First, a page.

CardClub Education

Introduction to Credit Cards

Just the basics, basically.

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Credit is needlessly complex. So, we created a simple and comprehensive guide to the basics. Start with this article, and we'll help cut through the noise.


Ever found yourself in a situation where you suddenly needed to book a flight, stay at a hotel, rent a car, or make an emergency purchase? Are you interested in starting your own business? Or, have you ever wrestled over the decision whether or not to use a shady ATM? These are common problems, with a common solution: credit cards.

What Are Credit Cards?

A credit card is more than just a piece of plastic in your wallet; it's a versatile financial instrument that provides convenience, security, and rewards for responsible users. Unlike debit cards, which directly withdraw funds from a bank account, credit cards grant access to a line of credit - a revolving spending account - funded by the credit card company. When you make a credit card purchase, you are essentially borrowing money from the credit card company. They front the funds, and you pay back the borrowed amount at the end of the month. If you don't, your agreement with the credit card company allows them to recoup the borrowed funds, plus a little extra, in the form of fees, interest charges, and penalties.

While this arrangement may seem as simple as any other loan, credit cards come with many, many more strings attached. Before applying, it's critically important to understand how they differ from other loans. Otherwise, you may face unpleasant surprises.

Why Get One?

I don't use a debit card. The safest thing is a credit card because you're using the bank's money. If someone accesses your information, they are stealing the bank's money, not yours.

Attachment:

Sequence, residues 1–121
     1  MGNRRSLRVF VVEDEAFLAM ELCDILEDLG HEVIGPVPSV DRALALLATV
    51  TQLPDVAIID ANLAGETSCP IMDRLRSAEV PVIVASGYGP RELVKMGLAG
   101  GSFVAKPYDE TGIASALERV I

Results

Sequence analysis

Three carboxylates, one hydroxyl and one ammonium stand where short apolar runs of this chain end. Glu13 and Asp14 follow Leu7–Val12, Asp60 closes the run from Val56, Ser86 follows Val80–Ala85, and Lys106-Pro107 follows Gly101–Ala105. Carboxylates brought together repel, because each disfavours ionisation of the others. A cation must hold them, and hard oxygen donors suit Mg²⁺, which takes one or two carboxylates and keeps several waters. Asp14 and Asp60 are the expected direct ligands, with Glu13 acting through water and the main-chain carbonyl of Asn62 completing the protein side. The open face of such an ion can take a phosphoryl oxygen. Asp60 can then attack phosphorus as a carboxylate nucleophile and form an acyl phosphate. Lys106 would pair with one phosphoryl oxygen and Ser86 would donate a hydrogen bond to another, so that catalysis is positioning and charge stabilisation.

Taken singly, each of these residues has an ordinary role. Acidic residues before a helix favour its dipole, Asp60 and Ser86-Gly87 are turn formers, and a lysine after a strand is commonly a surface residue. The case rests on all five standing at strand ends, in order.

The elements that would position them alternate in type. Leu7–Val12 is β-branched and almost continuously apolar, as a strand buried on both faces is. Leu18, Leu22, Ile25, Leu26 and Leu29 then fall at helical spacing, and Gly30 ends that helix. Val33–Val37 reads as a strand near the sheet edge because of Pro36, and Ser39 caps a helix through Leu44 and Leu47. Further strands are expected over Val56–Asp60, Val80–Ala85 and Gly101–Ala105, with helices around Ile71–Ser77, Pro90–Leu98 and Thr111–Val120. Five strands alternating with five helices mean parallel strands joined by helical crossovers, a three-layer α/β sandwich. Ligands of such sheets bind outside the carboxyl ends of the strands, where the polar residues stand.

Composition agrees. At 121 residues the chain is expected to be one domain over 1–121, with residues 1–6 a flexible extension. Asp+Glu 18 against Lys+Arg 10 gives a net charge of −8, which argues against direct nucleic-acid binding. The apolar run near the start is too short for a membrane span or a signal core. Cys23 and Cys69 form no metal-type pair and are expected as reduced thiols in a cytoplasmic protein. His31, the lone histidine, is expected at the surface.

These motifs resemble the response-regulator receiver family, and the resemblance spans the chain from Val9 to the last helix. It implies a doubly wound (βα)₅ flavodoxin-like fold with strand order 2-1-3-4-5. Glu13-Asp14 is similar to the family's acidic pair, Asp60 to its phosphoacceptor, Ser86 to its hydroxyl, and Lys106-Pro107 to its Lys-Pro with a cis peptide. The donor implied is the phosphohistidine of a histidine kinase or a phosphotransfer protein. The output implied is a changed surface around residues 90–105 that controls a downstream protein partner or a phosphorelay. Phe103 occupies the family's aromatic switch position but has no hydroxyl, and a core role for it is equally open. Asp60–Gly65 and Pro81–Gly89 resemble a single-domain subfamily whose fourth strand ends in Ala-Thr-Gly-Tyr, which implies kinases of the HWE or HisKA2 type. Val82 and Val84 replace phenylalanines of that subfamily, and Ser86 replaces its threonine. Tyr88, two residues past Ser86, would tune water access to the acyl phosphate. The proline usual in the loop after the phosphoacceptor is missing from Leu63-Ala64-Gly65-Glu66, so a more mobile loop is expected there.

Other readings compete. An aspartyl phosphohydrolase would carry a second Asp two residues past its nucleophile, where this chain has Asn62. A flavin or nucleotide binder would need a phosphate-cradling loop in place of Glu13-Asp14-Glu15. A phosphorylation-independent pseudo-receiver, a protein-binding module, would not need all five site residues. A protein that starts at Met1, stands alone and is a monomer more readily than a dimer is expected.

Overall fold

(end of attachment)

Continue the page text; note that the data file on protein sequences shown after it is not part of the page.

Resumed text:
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Frank Abagnale, Jr.Fraud Expert and Ex-Con Artist

The benefits of using a credit card extend far beyond simple convenience. If you're still on the fence, we'd like to share some of the more-compelling reasons:

Establishing Credit

A good credit history shows lenders that you reliably repay your debts. Credit cards are the most accessible way to improve it. It's important because the quality of your credit history largely determines the ease (or difficulty) of making major life purchases like housing, or a vehicle. With a good credit history, your credit company will vouch for you in the market, at large. When it’s finally time for a Really Big Purchase, your financial institution can prove you’re good for the small, regular payments that car dealers and landlords expect as part of a financing arrangement. But, a credit reference is only one of many benefits of a good credit history. With a positive history of timely payments, you'll qualify for successively better, and lower, interest rates.